Environmental engineers, conservationists, researchers and professionals working in related fields are using fixed-wing drones as an easy and cost-effective means to capture accurate environmental data that can be used for various applications, ranging from glacial modeling to coastal erosion tracking, species identification and population assessments.
Efficiency – Quickly and safely collect data over large areas without sacrificing accuracy and quality.
Accuracy – Drone data accuracy is higher than many other remote sensing techniques such as satellite data and yet comparable and compatible with in-field and other remote sensing observations.
High-resolution data – Environmental applications rely on understanding change and the intricacies of the variables affecting change, something that data with high temporal, spatial and spectral resolution help achieve.
Cost savings – Replace expensive manned flights with drones for applications such as animal counting or search and rescue missions.
Vegetation monitoring – Assess and measure vegetation health, canopy cover, calculate biomass, identify disease and other threats, and monitor growth stages throughout the seasons.
Plant and animal counting – Capture high spatial and spectral resolution data to count plants and animals, either manually or with automated machine learning.
Species identification – Identify and categorize vegetation according to species and other metrics, identify invasive species and plan corrective actions.
Water management – Understand landscape contours and soil properties to manage water flow, flooding and irrigation, or detect algae blooms in water bodies.
Risk management – Map fire breaks, erosion, landscape changes and encroachment.
Progress monitoring – Monitor and track project progress and reporting, quickly generate area and volume reports and quantify costs.
Land management – Map and manage land to optimize biodiversity, minimize risk, monitor land changes and degradation, and plan interventions early with a comprehensive understanding of the context.
Search and rescue – Fixed-wing drones can cover large areas in short times, making them useful for search and rescue missions in national parks.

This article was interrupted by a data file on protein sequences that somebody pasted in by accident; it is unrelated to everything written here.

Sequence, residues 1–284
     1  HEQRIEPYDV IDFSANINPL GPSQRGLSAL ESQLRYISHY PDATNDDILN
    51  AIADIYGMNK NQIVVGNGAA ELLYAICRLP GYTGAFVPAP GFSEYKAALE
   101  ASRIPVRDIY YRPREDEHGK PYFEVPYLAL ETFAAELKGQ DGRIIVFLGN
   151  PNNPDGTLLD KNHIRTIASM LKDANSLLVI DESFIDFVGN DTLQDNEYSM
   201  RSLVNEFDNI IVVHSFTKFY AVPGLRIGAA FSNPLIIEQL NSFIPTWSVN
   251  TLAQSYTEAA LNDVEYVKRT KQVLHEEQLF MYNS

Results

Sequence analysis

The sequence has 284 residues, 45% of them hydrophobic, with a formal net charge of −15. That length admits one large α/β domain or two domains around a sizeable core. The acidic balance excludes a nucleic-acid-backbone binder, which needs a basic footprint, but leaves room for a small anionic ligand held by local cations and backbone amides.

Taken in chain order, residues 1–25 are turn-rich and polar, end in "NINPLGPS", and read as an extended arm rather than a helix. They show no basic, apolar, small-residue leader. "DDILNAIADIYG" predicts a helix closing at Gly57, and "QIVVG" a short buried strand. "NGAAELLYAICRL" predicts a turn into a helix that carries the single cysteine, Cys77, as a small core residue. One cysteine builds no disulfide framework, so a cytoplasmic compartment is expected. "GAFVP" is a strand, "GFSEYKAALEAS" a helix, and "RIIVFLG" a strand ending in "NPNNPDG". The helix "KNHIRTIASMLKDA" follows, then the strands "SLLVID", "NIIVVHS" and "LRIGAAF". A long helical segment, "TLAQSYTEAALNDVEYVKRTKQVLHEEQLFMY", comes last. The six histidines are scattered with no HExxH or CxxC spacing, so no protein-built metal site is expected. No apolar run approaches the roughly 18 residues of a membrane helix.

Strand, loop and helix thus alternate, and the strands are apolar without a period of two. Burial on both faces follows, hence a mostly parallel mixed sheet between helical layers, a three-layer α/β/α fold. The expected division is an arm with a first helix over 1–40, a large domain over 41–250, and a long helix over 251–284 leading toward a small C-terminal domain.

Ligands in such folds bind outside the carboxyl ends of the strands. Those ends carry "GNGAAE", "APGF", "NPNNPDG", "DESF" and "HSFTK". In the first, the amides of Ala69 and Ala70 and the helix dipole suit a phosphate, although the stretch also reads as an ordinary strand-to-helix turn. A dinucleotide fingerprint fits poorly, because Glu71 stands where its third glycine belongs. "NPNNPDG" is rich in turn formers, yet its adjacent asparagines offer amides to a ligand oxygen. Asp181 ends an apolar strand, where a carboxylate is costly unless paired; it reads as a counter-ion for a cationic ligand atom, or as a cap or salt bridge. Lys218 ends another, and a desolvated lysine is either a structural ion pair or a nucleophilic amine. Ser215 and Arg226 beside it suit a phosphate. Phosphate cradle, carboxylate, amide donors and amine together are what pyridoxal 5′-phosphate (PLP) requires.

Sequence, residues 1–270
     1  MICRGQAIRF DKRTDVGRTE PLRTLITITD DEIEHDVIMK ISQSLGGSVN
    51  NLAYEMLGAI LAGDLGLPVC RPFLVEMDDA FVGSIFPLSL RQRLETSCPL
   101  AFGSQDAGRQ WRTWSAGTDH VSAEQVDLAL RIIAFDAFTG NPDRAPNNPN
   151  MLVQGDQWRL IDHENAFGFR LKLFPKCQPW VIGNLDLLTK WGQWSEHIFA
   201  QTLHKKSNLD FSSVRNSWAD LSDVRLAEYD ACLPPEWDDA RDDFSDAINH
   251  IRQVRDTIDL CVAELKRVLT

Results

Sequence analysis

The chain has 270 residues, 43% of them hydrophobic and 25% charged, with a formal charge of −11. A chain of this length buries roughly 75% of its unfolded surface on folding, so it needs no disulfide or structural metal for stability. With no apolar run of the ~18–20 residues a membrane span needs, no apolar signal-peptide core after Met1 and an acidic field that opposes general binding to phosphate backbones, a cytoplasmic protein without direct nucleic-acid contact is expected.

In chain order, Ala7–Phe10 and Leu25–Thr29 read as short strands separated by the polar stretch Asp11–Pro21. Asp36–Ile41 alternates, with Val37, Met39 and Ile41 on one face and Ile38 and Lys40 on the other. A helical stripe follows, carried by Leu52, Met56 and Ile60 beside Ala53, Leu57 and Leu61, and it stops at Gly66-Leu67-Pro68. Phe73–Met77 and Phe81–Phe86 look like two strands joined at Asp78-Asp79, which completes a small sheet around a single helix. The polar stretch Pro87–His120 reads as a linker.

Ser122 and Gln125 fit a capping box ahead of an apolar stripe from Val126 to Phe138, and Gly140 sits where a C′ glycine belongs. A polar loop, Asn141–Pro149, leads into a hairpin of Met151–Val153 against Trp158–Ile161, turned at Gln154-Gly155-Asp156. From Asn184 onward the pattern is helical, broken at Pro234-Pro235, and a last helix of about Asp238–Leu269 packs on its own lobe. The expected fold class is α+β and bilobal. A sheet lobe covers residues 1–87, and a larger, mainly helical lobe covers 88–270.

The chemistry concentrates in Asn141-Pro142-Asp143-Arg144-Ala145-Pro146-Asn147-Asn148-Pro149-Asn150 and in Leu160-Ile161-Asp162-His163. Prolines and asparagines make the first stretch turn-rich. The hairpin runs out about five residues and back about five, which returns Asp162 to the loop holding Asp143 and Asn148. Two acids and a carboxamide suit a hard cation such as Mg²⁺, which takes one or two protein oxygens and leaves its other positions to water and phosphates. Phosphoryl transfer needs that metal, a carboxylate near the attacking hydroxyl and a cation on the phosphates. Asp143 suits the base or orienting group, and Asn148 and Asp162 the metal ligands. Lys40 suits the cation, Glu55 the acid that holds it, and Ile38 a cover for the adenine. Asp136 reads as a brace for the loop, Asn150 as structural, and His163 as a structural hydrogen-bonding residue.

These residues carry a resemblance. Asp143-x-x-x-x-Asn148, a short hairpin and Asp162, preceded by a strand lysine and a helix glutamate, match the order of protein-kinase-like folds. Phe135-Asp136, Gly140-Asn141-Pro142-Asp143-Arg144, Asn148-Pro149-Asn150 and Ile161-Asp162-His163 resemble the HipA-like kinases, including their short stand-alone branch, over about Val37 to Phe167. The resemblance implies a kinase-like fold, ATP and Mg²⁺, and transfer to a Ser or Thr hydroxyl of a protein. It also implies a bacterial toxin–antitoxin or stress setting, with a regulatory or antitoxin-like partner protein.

Drone data output depends on the sensor and processing software. Select a sensor based on your data requirements. Your sensor choice will determine the drone you need to carry this payload. Typical drone data outputs you can expect from eBee drones, MicaSense and senseFly sensors and Measure Ground Control include:
Orthomosaic map – A geospatially accurate and detailed 2D representation of a site. Accurate orthomosaic maps help environmentalists monitor change and extract insights such as species counts, encroachment and other aspects.
Index maps – Combine multispectral indices for detailed vegetation, soil and water analyses, including Normalized Difference Vegetation Index (NDVI), NDRE which is sensitive to chlorophyll content in leaves and can also be used for mapping variability in fertilizer requirements, Color Infrared Composites, and OSAVI (Soil Adjusted Vegetation Index) maps.
Digital Surface Model (DSM) – DSMs depict elevation and are useful in water management and soil monitoring applications.
3D mesh map – A three-dimensional texture (mesh) map with X, Y, Z data can be used for cluster analyses or to characterize vegetation and erosion.
Point clouds – Point cloud maps comprise millions of individual points featuring X, Y, Z geospatial coordinates and with associated RGB/multispectral values, and can be used in biomass measurements and planning/calculating restoration costs.
Contour lines – Topographic maps take X and Y coordinates from the aerial drone data to generate precise contour intervals to understand the lay of the land and landscape dynamics.